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The Giant Eye and the Big Eye

The 40" and 30" public telescopes with a 5' 6" person for size comparison.

One of the great experiences visitors will taste at the MHO is the opportunity to peer through very large telescopes, and we mean very large, under an extremely dark night sky. A short document describes the experience with the giant eye.

Of primary concern with the very large public telescopes is the safety and security of our guests. Typically telescopes of this size require ladders, up to 12'! We have designed these large telescopes so that ladders are not required, even looking overhead! This required pushing the design envelop and results in a rather short stubby design. This as terrific added benefit; an extremely wide field of (FOV), indeed the 30" telescope has a FOV of 1.58 degrees, 10X the area of the moon.

The 40" public telescope, which dwarfs its 30" sister, will have an astonishing 1.41 degrees FOV, 8X the area of the full moon. It also has almost twice the light gathering capability of its 30" sister, which means objects seen in this telescope will appear twice as bright.

The 30" telescopes will deliver the best wide-field telescopic views in the world! The combination of an extremely dark night sky, very high quality optics and an ultra-large field of view are unmatched.

Every clear night these telescopes will be available to guests, interpreters will be on hand to guide visitors, with a presentation beforehand in the lecture theatre.

They will give extremely spectacular views of star clusters, galaxies, nebulae, comets etc. The telescopes are sufficiently big that nebulae will show color and 50,000 stars will be visible in a single field of view when viewing the largest globular star clusters. Galaxies like the Andromeda Galaxy and the nearby pinwheel Galaxy, the brightest and nearest large galaxies in the universe to us, will show an immense amount of detail, including giant star clouds with hundreds of millions of stars.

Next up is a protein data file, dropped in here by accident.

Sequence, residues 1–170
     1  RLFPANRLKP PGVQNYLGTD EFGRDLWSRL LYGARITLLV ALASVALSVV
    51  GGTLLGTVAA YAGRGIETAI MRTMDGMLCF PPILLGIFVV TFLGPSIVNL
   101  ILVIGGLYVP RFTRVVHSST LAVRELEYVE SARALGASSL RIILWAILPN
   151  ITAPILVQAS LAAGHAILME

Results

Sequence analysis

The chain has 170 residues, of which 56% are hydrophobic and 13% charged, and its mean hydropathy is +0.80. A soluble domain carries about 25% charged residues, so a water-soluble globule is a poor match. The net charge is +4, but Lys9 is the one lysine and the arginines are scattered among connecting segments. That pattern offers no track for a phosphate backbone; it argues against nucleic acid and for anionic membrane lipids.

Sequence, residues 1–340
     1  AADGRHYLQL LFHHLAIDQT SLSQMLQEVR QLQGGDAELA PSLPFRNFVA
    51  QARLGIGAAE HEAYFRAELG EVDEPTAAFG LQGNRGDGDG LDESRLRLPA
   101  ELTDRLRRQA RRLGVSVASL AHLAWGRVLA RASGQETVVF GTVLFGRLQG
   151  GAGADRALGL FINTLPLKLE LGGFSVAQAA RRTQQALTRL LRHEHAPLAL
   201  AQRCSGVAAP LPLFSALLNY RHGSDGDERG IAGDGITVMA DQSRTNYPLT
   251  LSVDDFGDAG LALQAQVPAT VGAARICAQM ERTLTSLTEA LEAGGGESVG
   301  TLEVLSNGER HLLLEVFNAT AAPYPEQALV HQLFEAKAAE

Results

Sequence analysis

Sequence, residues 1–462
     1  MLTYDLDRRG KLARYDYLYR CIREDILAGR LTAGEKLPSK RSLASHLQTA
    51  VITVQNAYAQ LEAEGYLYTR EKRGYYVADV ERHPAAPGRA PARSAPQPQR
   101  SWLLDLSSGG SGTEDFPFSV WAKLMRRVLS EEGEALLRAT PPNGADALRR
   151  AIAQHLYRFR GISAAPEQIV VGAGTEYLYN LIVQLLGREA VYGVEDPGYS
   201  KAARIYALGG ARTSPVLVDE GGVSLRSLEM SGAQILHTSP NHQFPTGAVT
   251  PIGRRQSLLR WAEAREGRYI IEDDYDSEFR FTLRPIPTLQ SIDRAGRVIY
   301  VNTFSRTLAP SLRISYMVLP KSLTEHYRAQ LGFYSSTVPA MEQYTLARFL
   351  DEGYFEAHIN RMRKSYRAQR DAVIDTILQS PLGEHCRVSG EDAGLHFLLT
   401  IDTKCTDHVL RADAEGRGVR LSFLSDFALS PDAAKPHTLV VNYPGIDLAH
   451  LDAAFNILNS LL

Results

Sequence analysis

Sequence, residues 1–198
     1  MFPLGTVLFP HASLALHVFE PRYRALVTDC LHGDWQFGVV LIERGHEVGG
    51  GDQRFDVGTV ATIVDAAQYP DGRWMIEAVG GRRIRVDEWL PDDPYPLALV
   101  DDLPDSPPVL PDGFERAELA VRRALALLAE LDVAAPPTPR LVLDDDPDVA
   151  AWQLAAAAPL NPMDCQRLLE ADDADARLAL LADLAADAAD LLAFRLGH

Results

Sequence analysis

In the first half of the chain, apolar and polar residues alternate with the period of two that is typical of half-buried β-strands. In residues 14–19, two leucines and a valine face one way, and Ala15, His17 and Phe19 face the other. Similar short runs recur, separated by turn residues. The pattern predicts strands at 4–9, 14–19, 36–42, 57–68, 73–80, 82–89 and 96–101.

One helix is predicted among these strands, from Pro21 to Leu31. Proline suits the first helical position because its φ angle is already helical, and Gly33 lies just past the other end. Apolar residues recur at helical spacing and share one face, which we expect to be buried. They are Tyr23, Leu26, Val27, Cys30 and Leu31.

30" Telescope Specifications:

Aperture --> 30" (0.762m)
Focal ratio --> f/2.17
Focal length --> 65-inch -1.65m
Mass --> ~110 lb. (57 Kg)!!!
Tracking and GoTo --> Yes
Height of eyepiece at zenith --> 5' 3" - 1.35m
M2 minor axis --> 9.7" (0.246m)
M1 mass --> 40 lbs (18 Kg)
M2 mass --> 3.5 lbs (1.59Kg)
Construction --> carbon fiber
Altitude Bearing --> 5.0" I.D., 5.5" O.D. (ball bearings between two races)
FOV with ES 30mm 100deg Paracorr II --> 1.58 deg!

40" Telescope Specifications:

Aperture --> 40" (1.00m)
Focal ratio --> f/1.85
Focal length --> 74-inch -1.85m
Mass --> ~200 lb. (100 Kg)!!!
Tracking and GoTo --> Yes
Height of eyepiece at zenith --> 5' 3" - 1.35m (when seated in pit)
M2 minor axis --> 13.6" (0.345m)
Construction --> carbon fiber
FOV with ES 30mm 100deg Paracorr II --> 1.41 deg!

The MHO public telescopes are built with open-back cellular mirrors and carbon fiber, a high performance nano-material. This combination as well as a minimalist design allows for an ultra-light yet extremely high performance visual telescope.

Due to the large mirrors, very dark night sky, paying careful attention to every factor that influences image quality, the telescopes will produce visual views of the universe that will amaze and astound visitors. Put quite simply it will be the best visual views of the universe available anywhere in the world by a large extent.

©2017 The Madawaska Highlands Observatory, Canada.